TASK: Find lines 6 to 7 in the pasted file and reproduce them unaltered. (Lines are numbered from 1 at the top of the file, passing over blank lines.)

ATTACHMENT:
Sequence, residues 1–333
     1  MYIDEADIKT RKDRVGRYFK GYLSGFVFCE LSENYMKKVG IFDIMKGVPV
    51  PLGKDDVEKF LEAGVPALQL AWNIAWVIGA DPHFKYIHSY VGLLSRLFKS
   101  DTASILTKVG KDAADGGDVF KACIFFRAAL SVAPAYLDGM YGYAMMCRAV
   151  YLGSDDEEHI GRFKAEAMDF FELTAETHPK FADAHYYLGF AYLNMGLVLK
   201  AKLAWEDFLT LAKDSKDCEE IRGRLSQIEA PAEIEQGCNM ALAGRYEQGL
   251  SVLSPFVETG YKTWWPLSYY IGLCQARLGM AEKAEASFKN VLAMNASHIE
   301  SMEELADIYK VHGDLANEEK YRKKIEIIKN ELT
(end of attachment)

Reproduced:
   201  AKLAWEDFLT LAKDSKDCEE IRGRLSQIEA PAEIEQGCNM ALAGRYEQGL
   251  SVLSPFVETG YKTWWPLSYY IGLCQARLGM AEKAEASFKN VLAMNASHIE